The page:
The daughter of former New England Patriots tight end Aaron Hernandez is barred from bringing personal injury claims stemming from the loss of her father outside the NFL concussion settlement, a federal court ruled.

Hernandez’s six-year-old daughter Avielle Hernandez was a member of the $1 billion NFL class settlement and she failed to take advantage of the time window for opting out of the class, the U.S. District Court for the Eastern District of Pennsylvania said Feb. 14.

As a result, Avielle was bound by the settlement, which bars all outside claims by non-opt-out spouses and children for injuries arising from players’ concussions.

Hernandez argued her tort claims could proceed because her father wasn’t a “retired football player” within the meaning of the settlement, but the court disagreed.

It is the court’s second decision in the last month barring claims by dependents of former National Football League players.

Judge Anita S. Brody, who oversees the NFL concussion settlement, similarly ruled in January that the settlement barred Cynthia Phillips, who was married to retired NFL player Joseph Phillips from 1992 to 1998, hadn’t opt-out of the deal and therefore was bound by it.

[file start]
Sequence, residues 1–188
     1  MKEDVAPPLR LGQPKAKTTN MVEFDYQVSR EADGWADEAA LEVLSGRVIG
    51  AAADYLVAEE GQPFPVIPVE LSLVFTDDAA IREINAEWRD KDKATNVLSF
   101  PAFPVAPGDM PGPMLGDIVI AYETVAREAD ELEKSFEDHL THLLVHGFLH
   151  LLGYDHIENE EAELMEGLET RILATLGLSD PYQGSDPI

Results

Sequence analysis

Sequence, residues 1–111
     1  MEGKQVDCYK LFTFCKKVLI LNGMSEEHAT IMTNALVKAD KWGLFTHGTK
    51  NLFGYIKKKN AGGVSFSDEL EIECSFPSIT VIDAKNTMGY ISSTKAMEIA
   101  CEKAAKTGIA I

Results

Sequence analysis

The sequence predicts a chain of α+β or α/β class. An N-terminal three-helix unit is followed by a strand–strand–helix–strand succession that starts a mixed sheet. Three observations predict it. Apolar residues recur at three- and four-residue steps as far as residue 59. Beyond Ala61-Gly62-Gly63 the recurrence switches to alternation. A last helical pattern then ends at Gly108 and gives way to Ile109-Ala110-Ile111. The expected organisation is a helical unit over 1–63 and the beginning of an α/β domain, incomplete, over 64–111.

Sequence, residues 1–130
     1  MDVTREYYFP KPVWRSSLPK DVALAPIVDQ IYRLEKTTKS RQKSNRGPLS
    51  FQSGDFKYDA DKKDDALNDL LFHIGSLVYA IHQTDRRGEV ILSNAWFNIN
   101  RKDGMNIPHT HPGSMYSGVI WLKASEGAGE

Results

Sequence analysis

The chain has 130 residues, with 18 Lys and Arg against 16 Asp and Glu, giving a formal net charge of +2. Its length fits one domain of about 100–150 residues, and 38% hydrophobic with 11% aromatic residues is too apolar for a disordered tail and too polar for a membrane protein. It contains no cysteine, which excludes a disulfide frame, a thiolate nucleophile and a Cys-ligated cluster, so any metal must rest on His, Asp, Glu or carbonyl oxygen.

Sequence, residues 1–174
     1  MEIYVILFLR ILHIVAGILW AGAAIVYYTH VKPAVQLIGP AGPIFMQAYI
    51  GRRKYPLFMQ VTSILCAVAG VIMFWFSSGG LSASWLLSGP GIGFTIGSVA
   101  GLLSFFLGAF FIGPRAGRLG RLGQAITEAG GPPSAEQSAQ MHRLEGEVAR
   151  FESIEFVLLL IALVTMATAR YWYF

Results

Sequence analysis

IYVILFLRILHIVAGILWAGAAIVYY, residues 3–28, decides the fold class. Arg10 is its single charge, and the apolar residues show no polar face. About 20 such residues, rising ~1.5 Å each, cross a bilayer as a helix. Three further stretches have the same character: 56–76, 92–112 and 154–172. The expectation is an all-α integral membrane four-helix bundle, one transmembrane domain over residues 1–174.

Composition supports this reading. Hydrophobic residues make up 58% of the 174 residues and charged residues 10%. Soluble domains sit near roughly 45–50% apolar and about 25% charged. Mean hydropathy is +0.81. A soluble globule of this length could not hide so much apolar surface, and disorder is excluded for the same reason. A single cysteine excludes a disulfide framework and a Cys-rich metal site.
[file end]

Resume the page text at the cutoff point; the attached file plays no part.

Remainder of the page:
Donated Brain

Avielle Hernandez alleged the loss of her father’s support and affection after his suicide was the result of the NFL’s civil conspiracy, fraudulent concealment, and negligence.

Aaron Hernandez played for the Patriots for three seasons beginning in 2010 before he was convicted and imprisoned for the murder of a semi-professional football player in 2013. He committed suicide in his cell in 2017, and his family donated his brain to the Boston University School of Medicine CTE Center in Boston.

Boston University researchers said in 2017 that Hernandez had a severe form of chronic traumatic encephalopathy, or CTE, one step below the highest diagnostic level.

Avielle alleged that her father, who didn’t opt-out of the settlement, wasn’t covered by the agreement because he hadn’t given up on returning to the NFL despite his release from the Patriots in 2013 and subsequent imprisonment.

“Retired football players” under the NFL settlement include those who aren’t under contract and are “not seeking active employment as players” with an NFL team.

Hernandez met that definition because he had been imprisoned without bail for a year while awaiting trial, a fact that was “squarely inconsistent” with seeking active employment, the court said.

The Brad Sohn Law Firm PLLC represented Hernandez. Paul Weiss Rifkind Wharton & Garrison LLP represented the NFL.

The case is In re Nat’l Football League Concussion Litig., E.D. Pa., Nos. 12-md-02323; 18-cv-00464, 2/14/19.